Consumer brands stand to be pilloried for their failure to rein-in their carbon footprint and they will suffer commercial consequences.
Although insulated from consumer brand problems, industrial firms are also feeling the heat build up to tackle emissions in their supply chains.
“We’re definitely seeing more requests about reducing emissions,” said Saleh ElHattab, founder and CEO of Gravity Climate, a company set up to help industrial firms and their supply chain partners manage their emissions footprint. He has seen “an incredible groundswell” of interest in the industrial sector in getting a handle on and reducing their emissions.
These companies are facing mounting pressure from various sides – customers, regulators and investors – and the realisation has set in that they become more marketable if they measure and report their emissions footprint, he said.
Gravity Climate recently obtained $5m in seed funding from Eclipse Ventures, a venture capital organisation with over $2.6bn in assets under management. Mr ElHattab noted that the investment industry itself is showing rising interest in sustainability. This is partly because investors themselves have made commitments to carbon reduction, but also to ensure better marketability of the firms they are supporting financially, Mr ElHattab said.
Private equity firm Blue Wolf Capital Partners is using Gravity to measure the emissions of over ten of its portfolio companies. Gravity’s technology makes it easy and cost-effective for industrial firms as well as their financial backers to track their emissions, decarbonise their direct operations and promote their sustainability efforts, the company claims.
In late July Gravity Climate launched a new carbon management software platform for industrial businesses and their supply chain partners. This is designed to give them a handle on their carbon footprint while driving cost-effective decarbonisation and long-term profitability.
The package works in four steps, beginning with mapping users’ carbon management goals based on their industry, sustainability requirements, reporting priorities and organisational structure.
Leveraging automation like automatic bill scanning and API integrations, the software measures Scope 1, 2 and 3 emissions and then helps them identify emission reduction opportunities, while maximising ROI and operational efficiency.
The fourth stage uses interactive dashboards and data that can be exported to specific frameworks to help customers report their footprint and share updates with customers, investors and disclosure groups.
Inevitably industrial clients focus first and foremost on Scope 1 and 2 emissions, Mr ElHattab said. After all, the industrial sector accounts for over 40% of all greenhouse gas emissions. Unlike many consumer staples, where Scope 3 emissions account for over 90% of their carbon footprint, supply chains make up a small portion of industrial firms’ overall footprint.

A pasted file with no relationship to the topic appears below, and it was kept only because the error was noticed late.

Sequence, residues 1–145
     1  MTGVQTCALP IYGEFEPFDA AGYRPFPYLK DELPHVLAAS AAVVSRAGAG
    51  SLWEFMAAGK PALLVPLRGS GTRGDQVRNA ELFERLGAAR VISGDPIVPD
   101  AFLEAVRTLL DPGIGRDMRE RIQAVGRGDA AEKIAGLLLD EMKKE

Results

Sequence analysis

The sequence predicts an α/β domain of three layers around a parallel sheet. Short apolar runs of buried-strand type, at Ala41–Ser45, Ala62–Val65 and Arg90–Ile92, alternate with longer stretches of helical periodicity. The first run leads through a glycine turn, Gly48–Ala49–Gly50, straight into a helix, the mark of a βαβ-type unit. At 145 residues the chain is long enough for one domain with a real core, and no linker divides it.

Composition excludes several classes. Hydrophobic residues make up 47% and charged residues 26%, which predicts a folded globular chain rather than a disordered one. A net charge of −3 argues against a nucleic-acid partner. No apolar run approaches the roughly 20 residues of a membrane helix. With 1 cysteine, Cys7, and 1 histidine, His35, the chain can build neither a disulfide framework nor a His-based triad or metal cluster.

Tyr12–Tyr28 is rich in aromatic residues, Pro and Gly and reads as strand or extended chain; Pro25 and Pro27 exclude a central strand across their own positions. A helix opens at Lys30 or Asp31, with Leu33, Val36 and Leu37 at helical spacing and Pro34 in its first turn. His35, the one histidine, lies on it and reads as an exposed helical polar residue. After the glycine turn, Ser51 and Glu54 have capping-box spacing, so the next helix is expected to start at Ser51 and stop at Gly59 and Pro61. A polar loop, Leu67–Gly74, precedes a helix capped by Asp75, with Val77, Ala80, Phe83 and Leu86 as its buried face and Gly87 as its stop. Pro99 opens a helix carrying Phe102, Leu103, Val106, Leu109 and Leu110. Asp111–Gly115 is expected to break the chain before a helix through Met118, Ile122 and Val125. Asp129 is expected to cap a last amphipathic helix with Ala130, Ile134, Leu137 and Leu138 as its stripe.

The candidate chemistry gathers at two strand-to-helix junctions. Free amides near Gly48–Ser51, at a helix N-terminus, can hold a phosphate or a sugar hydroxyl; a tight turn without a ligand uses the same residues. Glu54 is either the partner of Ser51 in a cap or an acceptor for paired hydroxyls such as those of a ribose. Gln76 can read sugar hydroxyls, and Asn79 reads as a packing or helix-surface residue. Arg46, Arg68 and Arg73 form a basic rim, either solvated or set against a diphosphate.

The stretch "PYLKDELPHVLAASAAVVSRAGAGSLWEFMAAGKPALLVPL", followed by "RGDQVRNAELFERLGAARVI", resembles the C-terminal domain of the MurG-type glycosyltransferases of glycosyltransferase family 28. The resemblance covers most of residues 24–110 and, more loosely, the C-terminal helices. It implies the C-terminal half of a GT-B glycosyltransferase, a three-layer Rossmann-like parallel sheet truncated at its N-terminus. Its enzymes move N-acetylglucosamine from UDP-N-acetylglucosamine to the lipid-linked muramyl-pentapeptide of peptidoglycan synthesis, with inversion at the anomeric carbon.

Being outside their direct control, firms also find it harder to get a handle on Scope 3 emissions. The pandemic revealed that most companies had scant visibility into their supply chains beyond the first tier. Flow of data along fragmented supply chains has been a challenge too.
Visibility along the supply chain, data access and sharing along it are not going to get established overnight, but network effects are already becoming visible, Mr ElHattab said.
According to him, interest in Scope 3 emissions has been surprisingly high, Gravity Climate’s algorithms are agnostic to different metrics and standards, using the Greenhouse Gas protocol as the common denominator. Much of the calculation is performed on the basis of financial transaction data. Currently this is pretty much the standard to model Scope 3 emissions in the absence of direct insights, he said.
Increasingly the push for emissions data is extending along supply chains, he noted. A company’s Scope 1 & 2 emissions effectively become its customer’s Scope 3 emissions, so the push of firms to learn about supply chain partners’ direct emissions is increasingly closing the gaps.
According to Mr ElHattab, with Gravity Climate’s software users can forecast almost from the first day of using it how individual elements affect their carbon footprint as well as the financial ramifications and the return on investment of measures taken to reduce emissions. The picture that emerges from this is encouraging.
Historically there was a trade-off between the cost of sustainability efforts and margins, but this is shifting, he noted. “Increasingly it’s not a cost-positive decision anymore,” he said, which means that companies can actually save money through their steps towards decarbonisation. Moreover, with the pressure from customers for carbon data showing up in the tender process, this becomes a matter of winning or losing business.